Minding Yer Promise: Children should never be hard to reach.

March 11, 2021

Illustrative diagram detailing the 4 pillars of The Promise in Scotland of family, voice, care, and people

‘The Promise’ is a 124-page commitment for care-providers in Scotland to do better by our care-experienced children. It’s the result of an ambitious ‘Root and Branch review’ of Care in Scotland and is built on a bedrock of 5-core foundations. You can read our analysis of the Scottish Care Review here.

Mind Of My Own’s goal is to empower all young people the opportunity to have their voices heard. According to Scotland’s Care Review ‘The Promise’:

 “Services must be easy to access and must always try harder and be more creative in their listening” (The Promise, pg. 32).

In our last post about The Promise we shared how, through co-production, our apps enable young people’s participation to be both accessible and creative. Mind Of My Own ensures that all young people regardless of age, ability or nationality are supported to express their views, wishes and feelings.

“The voice of every person with care experience must be heard in their care journeys, with real weight given to their wishes in line with the UNCRC.” (The Promise, pg. 32)

Mind Of My Own was founded on upholding the UNCRC and the core principle that all young people have a right to have a say about the decisions about their own life.

“Scotland must make particular effort to understand and act upon quieter voices, including infants and nonverbal children and those with learning disabilities. No group should ever be considered ‘hard to reach’”. (The Promise, pg. 32)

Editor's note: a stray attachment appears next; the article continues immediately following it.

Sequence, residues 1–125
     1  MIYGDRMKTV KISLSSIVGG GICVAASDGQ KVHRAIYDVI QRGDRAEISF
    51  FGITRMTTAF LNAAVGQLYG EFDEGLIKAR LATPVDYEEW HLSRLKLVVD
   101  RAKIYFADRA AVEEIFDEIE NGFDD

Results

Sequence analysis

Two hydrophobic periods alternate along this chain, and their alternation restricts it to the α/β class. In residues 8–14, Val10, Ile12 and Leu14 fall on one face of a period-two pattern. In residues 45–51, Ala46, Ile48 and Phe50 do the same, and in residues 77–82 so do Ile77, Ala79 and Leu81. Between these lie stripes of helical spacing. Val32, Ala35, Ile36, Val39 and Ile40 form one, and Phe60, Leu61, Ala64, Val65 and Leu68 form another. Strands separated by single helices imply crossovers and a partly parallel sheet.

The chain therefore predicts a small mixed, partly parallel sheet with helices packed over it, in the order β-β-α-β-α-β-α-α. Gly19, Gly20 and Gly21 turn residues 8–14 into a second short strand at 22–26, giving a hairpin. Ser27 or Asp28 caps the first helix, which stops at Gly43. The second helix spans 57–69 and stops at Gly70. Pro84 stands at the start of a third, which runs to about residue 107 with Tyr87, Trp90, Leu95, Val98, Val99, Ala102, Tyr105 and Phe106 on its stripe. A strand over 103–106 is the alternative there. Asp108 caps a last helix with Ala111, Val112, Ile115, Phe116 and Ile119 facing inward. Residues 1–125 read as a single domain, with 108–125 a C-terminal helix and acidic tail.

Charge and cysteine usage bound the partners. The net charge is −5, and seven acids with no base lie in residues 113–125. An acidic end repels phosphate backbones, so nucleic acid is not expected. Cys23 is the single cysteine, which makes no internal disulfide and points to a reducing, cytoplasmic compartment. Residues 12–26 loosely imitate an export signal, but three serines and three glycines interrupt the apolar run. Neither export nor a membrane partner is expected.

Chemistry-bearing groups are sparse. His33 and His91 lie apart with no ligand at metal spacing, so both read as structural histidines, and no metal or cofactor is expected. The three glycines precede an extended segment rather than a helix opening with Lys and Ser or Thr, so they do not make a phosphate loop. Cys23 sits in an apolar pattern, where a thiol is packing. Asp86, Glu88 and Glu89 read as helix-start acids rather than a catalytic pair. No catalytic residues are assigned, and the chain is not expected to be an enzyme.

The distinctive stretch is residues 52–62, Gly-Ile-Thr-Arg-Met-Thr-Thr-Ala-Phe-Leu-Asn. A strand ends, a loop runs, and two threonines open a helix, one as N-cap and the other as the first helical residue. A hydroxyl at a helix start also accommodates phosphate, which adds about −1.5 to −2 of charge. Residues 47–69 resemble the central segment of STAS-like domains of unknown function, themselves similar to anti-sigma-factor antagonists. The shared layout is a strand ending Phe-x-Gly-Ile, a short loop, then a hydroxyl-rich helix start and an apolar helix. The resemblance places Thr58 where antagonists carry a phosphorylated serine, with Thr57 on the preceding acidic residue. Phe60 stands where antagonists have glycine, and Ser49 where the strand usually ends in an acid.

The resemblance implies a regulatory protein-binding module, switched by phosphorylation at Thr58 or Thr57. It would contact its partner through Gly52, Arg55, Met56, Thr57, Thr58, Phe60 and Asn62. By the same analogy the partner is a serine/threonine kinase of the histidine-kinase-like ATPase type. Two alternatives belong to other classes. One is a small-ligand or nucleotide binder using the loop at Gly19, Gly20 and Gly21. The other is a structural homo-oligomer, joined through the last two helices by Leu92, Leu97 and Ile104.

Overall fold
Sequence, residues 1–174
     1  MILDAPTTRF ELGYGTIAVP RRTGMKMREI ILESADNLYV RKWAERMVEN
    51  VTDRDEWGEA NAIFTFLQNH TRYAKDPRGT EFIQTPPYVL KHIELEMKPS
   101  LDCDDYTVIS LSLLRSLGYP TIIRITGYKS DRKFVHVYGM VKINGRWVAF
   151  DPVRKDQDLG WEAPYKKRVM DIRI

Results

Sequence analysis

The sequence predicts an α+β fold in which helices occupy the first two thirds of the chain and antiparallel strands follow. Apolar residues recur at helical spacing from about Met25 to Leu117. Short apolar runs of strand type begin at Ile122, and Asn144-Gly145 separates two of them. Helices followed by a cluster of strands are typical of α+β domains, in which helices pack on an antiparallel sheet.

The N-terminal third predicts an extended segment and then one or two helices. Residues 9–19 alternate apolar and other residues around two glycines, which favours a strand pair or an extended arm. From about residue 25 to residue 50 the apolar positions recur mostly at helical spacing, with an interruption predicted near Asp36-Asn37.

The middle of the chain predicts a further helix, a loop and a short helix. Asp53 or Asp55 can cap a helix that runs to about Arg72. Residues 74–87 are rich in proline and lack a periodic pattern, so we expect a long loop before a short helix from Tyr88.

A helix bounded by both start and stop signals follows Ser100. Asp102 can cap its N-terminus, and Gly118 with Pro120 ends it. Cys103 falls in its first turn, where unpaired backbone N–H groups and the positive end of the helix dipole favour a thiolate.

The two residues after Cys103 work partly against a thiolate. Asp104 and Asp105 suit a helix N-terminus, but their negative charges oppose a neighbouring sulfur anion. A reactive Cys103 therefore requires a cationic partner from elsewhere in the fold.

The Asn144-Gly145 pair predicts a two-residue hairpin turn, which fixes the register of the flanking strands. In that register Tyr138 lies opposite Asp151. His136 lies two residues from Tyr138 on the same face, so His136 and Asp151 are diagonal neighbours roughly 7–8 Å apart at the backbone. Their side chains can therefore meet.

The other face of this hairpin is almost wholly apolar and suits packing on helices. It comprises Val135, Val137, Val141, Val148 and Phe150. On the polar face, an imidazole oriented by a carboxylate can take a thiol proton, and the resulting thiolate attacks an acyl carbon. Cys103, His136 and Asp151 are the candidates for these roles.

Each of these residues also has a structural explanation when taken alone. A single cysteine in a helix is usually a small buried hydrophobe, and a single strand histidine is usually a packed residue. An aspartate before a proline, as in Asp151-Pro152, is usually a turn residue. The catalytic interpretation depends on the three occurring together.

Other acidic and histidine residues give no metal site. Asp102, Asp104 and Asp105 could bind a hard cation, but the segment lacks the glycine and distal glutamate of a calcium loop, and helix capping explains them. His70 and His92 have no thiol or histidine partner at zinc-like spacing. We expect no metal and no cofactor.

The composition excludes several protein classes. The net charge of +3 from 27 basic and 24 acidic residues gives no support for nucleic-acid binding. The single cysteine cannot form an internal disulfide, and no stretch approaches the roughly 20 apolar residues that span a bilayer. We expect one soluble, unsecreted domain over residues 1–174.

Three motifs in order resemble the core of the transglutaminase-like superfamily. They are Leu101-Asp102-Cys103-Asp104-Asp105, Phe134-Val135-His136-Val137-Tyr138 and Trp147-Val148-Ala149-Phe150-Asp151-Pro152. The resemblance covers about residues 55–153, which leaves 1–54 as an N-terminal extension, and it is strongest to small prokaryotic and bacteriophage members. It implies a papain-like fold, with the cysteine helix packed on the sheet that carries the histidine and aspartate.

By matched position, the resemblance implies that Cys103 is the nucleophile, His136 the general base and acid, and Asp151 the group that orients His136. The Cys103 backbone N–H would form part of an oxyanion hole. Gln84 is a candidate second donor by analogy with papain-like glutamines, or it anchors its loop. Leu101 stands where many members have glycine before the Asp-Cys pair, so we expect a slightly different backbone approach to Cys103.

The Express digital participation tool was specifically co-produced with young people with additional needs to ensure that their views can be uniquely captured in a way that suits them best. Express has been used with children as young as 2 years of age and in conjunction with Makaton. Both of our apps also feature ReciteMe technology which allows young people to tailor both apps to their unique needs. Watch this video about Express enabled a 4year old’s views to be evidenced in a court report:

“Scotland has a responsibility to unaccompanied asylum-seeking children with some Local Authorities in Scotland receiving a significant number. The Care Review has heard from them and their carers about the particular difficulties they face in navigating a complex system. Children who arrive in Scotland have often faced significant difficulties and trauma in leaving their home and in the journey to Scotland.” (The Promise, pg. 65 )

We know that unaccompanied asylum-seeking children are often the most vulnerable and few have their views meaningfully heard. Our apps can be translated into over 100 different languages and also have text to speech functionality so that young people can speak up in the language they are most comfortable using.

“A significantly greater effort will be required to ensure the meaningful participation of people with lived experience in decisions about their own journey, and to inform relational policy and practice. Lived experience must directly and consistently inform continuous quality improvement with a rich qualitative as well as quantitative evidence base.” (The Promise, pg. 37)

We also know how important qualitative information is for young people and how important it is for it to be evidenced on young people’s case records. Our statements are saved as PDFs and allow young people’s views to be evidenced easily and clearly. This is best left to the powerful blog post that one of our Account Mangers Cameron, who wrote:

“access to something like the One app would have made a difference for me. To have been able to express myself knowing people were listening. Knowing that my journey could have been less of a rocky one. Knowing social services would have been able to spot the early warning signs of my imminent violent placement breakdown and been able to step in earlier”. You can read more here, as we know that there is, “No substitute for lived experience”.